Oscar Pistorius Prosecution Will Appeal His 5-Year Sentence, But Is it a Good Idea?

For a brief time, it seemed like the long, winding legal saga of ex-Olympic sprinter and convicted killer Oscar Pistorius had come to an end. After a dizzying seven months of courtroom drama, psych evaluation, and procedural delays, Judge Thokozile Masipa finally delivered her verdict on Pistorius' slaying of Reeva Steenkamp — he was found guilty of culpable homicide, a charge similar in nature to manslaughter, and sentenced to five years in prison. But now, there's news that the Pistorius prosecution will appeal his five-year sentence, hoping for a new verdict closer to what they'd originally sought on premeditated murder charges. In other words, we could all be seeing Oscar in a courtroom again real soon. But is it a good idea for the prosecution?

It's frankly no surprise that they'd want another crack at Pistorius, given the relatively light punishment he received over shooting and killing of Steenkamp, and the high-profile nature of the case — in spite of landing a five-year sentence, he could be eligible for transition to house arrest after serving a mere sixth of that time, or 10 months. Given the wide range of potentially negative outcomes Pistorius faced in his trial, he came out about as well as could've been anticipated, in spite of fervent, pointed accusations of deception from lead prosecutor Gerrie Nel.

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According to South Africa's National Prosecuting Authority (NPA) spokesperson Nathi Mncube, the appeal will be based on an interpretation of the law which differs from how Masipa rendered her judgment. In the aftermath of her decision, Masipa's interpretation of South African law relating to "dolus eventualis" has been debated and criticized — some outlets and legal experts believe she accurately ruled that Pistorius had no foreseeable certainty his actions would lead to Steenkamp's death, while others have strongly disagreed.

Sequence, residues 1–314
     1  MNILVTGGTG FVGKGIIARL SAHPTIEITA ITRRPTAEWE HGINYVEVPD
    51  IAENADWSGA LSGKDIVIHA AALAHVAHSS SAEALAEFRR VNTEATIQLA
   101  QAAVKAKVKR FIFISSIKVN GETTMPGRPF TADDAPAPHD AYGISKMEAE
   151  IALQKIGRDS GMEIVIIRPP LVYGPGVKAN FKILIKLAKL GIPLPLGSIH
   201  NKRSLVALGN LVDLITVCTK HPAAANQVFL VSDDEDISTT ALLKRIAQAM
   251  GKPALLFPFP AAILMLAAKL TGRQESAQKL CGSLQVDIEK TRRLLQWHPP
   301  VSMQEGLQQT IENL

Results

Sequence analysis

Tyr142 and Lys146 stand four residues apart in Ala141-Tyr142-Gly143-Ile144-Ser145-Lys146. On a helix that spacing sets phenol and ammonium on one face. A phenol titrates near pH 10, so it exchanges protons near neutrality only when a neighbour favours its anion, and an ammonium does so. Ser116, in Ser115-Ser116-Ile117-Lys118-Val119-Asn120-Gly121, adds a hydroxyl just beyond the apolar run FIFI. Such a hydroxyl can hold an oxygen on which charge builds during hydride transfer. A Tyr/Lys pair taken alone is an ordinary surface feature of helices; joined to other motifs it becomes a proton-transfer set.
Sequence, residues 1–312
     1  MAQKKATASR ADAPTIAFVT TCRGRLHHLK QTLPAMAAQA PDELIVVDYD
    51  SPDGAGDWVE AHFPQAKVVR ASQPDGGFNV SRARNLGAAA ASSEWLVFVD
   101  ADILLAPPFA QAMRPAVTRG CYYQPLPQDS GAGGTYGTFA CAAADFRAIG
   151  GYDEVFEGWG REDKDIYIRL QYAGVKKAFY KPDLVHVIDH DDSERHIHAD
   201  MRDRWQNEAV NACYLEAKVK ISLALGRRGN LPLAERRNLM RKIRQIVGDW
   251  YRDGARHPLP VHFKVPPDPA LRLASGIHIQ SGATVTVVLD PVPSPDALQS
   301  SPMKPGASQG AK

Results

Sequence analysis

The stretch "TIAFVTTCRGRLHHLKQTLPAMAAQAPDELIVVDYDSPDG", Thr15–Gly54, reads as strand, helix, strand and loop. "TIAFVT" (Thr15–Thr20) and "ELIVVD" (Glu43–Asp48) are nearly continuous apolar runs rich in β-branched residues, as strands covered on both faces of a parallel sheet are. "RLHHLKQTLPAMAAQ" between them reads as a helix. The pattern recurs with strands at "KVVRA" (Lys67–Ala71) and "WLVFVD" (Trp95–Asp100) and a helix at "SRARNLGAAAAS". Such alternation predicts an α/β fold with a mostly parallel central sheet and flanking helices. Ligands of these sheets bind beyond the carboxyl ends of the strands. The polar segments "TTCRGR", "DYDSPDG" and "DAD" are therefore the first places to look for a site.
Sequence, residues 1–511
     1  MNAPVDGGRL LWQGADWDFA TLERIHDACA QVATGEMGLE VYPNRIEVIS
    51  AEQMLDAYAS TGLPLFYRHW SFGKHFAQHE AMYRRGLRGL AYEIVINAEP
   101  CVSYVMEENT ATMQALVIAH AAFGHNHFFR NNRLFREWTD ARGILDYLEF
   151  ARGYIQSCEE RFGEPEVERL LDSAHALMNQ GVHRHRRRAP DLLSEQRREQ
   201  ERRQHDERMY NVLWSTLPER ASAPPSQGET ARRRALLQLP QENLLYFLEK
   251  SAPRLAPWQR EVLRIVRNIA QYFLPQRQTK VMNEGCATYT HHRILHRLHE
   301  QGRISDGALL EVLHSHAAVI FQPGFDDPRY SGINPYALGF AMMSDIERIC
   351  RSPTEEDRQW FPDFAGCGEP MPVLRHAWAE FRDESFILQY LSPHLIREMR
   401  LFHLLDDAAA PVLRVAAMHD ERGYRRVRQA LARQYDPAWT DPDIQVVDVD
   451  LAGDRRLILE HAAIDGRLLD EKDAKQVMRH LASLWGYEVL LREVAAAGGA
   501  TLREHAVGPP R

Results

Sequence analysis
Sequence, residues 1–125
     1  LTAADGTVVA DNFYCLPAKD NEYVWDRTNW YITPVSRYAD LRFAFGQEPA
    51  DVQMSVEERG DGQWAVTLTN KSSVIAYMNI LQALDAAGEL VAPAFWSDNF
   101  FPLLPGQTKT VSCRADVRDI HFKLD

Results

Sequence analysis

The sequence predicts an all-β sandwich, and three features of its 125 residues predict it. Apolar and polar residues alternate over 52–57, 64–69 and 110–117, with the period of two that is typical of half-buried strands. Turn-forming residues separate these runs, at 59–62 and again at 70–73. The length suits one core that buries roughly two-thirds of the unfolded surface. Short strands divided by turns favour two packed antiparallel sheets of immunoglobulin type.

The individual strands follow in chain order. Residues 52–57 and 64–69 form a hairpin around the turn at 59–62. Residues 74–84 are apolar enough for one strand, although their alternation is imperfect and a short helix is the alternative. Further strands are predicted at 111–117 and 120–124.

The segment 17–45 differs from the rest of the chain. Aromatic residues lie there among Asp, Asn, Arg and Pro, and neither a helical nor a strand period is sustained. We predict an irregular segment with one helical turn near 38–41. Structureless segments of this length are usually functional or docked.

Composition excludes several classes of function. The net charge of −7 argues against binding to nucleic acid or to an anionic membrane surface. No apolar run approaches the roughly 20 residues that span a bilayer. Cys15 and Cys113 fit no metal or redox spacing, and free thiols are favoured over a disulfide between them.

According to Mncube, Nel and his assistant Andrea Johnson have been "hard at work studying the judgment, researching and also consulting with legal experts with the view to establish whether or not there are sufficient grounds to appeal both the judgment and sentence." And it appears as though they've decided that, yes, Pistorius should've gotten more time, and they think they can achieve it.

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They'll have to do it without presenting anything that wasn't covered in his initial trial, however. As Reuters details, this is a pivotal aspect of the appeal — in South Africa, as detailed by the BBC, appeals by state prosecutors are only allowed over arguments on application of the law. It's not actually a retrial, and as such, they won't be able to introduce any new evidence, instead having to argue that Masipa's ruling was, as a matter of legal precedent, incorrect.

But all in all, it could be a fruitful course of action. In spite of the Steenkamp family reportedly being satisfied with Pistorius' sentence, and likely eager to have this whole tragedy and drama behind them, there's an understandable sentiment among many observers of the trial that he got off lighter than he might have. Now, if Nel and the NPA have their way, that could change — they'd be seeking a 15 year prison sentence, which in addition to tripling Pistorius' time behind bars would also invalidate his ability to transfer to house arrest within the next year.

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